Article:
Is an Intel Core i3 okay for gaming? | Ask an expert

Though Core i3 CPUs serve as the entry point of Intel’s Core processor lineup, they still can take on gaming.

Credit: Intel

Q: Will an Intel Core i3 processor work for playing games? If yes, will it work if the PC only has 4GB of RAM?

Compared to flagship processors with eight or more cores, contemporary quad-core Core i3 CPUs may seem too weak to handle games. If you have an older Core i3 chip with just two cores and four threads, it might seem even less capable.

But you don’t need to have mid-tier gear for PC gaming. (In fact, we built a $300 gaming PC using a processor that’s more budget than a Core i3 processor.) Your rig won’t be anywhere near as fast as if you had a Core i5 part, but you can still pair it with a graphics card. We suggest selecting a similarly affordable graphics card, with $150 to $200 as the maximum spent. Then tweak the settings until you find a good balance between visual quality and frame rate. Depending on the GPU and the game, you may need to dial down the resolution and/or graphics presets, but you should often be able to find a workable sweet spot.

To decide on what graphics card to pick within that price range, consider the types of games you want to play. Our general recommendation would be an $175 Nvidia GTX 1650 Super. It only costs about $10 to $20 more than the vanilla 1650, and the performance bump is worth the extra cash. Avoid the AMD Radeon 5500XT, which competes with these two cards but is slower and more expensive.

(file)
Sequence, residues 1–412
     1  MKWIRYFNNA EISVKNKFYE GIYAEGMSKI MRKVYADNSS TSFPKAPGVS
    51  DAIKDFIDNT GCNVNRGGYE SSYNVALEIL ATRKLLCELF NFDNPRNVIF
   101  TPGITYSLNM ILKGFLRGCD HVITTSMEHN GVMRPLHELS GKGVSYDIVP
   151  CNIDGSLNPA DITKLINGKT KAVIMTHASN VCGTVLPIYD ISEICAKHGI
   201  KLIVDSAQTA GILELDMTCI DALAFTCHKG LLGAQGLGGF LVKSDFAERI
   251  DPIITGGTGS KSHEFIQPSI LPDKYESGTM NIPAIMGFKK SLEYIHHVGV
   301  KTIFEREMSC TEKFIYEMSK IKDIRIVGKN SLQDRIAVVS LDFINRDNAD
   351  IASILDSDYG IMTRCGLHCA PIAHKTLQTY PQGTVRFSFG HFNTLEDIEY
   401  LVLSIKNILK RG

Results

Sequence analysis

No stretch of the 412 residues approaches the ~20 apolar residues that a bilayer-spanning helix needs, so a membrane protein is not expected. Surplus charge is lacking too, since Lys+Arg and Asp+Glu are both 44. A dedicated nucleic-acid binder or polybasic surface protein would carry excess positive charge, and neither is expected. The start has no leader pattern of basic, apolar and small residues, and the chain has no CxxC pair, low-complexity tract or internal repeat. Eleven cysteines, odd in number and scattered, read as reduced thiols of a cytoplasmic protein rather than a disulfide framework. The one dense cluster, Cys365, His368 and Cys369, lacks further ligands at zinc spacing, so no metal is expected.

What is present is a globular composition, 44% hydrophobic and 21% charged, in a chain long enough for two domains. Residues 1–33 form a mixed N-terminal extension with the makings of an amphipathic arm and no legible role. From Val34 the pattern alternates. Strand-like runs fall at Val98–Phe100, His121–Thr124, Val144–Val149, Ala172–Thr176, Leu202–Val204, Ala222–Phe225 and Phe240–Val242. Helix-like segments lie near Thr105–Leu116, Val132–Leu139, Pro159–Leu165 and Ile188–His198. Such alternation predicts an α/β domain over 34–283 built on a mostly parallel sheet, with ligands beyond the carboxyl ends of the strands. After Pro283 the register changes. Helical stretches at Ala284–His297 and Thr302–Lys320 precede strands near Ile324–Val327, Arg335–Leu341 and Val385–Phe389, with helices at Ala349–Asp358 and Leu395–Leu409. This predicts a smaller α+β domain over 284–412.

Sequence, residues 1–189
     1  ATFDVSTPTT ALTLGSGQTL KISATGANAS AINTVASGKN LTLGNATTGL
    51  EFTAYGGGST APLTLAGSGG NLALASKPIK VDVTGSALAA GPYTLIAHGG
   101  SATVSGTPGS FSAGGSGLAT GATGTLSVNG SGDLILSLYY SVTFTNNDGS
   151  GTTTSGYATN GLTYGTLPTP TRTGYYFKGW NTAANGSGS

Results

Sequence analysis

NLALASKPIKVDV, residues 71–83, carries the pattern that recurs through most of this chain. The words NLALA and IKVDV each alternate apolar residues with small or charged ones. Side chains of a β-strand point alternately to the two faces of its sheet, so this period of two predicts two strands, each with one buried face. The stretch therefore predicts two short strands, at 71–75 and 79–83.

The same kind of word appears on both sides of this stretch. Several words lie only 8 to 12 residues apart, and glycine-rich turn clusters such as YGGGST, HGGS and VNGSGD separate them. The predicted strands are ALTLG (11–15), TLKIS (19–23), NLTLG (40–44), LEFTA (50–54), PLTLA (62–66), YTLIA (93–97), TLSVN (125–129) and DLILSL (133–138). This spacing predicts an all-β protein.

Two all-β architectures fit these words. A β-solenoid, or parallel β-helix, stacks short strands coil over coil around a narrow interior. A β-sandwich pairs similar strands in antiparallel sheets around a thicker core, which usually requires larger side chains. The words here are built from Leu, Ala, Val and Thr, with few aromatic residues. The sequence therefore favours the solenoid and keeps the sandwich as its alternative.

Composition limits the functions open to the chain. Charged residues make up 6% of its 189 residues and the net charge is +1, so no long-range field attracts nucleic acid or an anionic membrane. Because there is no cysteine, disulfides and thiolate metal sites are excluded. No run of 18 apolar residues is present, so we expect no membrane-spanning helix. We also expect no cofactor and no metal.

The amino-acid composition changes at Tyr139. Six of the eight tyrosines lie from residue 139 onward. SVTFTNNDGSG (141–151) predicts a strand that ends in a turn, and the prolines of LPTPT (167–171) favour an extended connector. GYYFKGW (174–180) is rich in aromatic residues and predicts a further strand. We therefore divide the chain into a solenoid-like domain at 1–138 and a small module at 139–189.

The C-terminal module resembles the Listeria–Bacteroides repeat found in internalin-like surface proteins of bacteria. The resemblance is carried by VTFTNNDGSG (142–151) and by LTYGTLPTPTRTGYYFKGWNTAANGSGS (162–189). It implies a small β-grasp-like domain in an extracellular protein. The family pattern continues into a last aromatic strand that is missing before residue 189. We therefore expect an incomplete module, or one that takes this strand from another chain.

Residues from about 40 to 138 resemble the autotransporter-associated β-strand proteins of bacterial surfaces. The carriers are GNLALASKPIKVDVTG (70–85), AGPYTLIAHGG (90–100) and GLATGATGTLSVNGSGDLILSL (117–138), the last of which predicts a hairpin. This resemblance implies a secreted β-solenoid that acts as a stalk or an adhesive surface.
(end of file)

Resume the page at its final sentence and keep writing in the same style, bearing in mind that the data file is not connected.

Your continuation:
asus rog strix geforce gtx 1650 super 7 Brad Chacos/IDG

If you itch for more performance, you can step up to a 1660 or 1660 Super. We don’t usually advise going higher than that, as your CPU will begin to limit your GPU’s performance, and you’ll have paid for more than what you can make use of.

(Obviously, if you don’t need even a 1650 Super, you can look at cheaper or older cards. Again, figure out your needs and purchase accordingly.)

As for running games with 4GB of system RAM—like with the Core i3 processor, having less than today’s more common amount of 8GB doesn’t mean gaming is off the table. If that amount meets the system requirements (or better, recommended specs) for the titles you want to play, you’re good to go. If not, consider upgrading to at least 8GB, as today’s AAA titles do hit system RAM harder even when a dedicated graphics card is used. Prices on RAM are very good right now, even for older DDR3 RAM, so fortunately this upgrade won’t cost much.

Welcome to Ask an Expert, where we tackle your questions about PC building. Have your own burning concern? Shoot us an email at thefullnerd@pcworld.com.

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Alaina Yee

PC World (US online)
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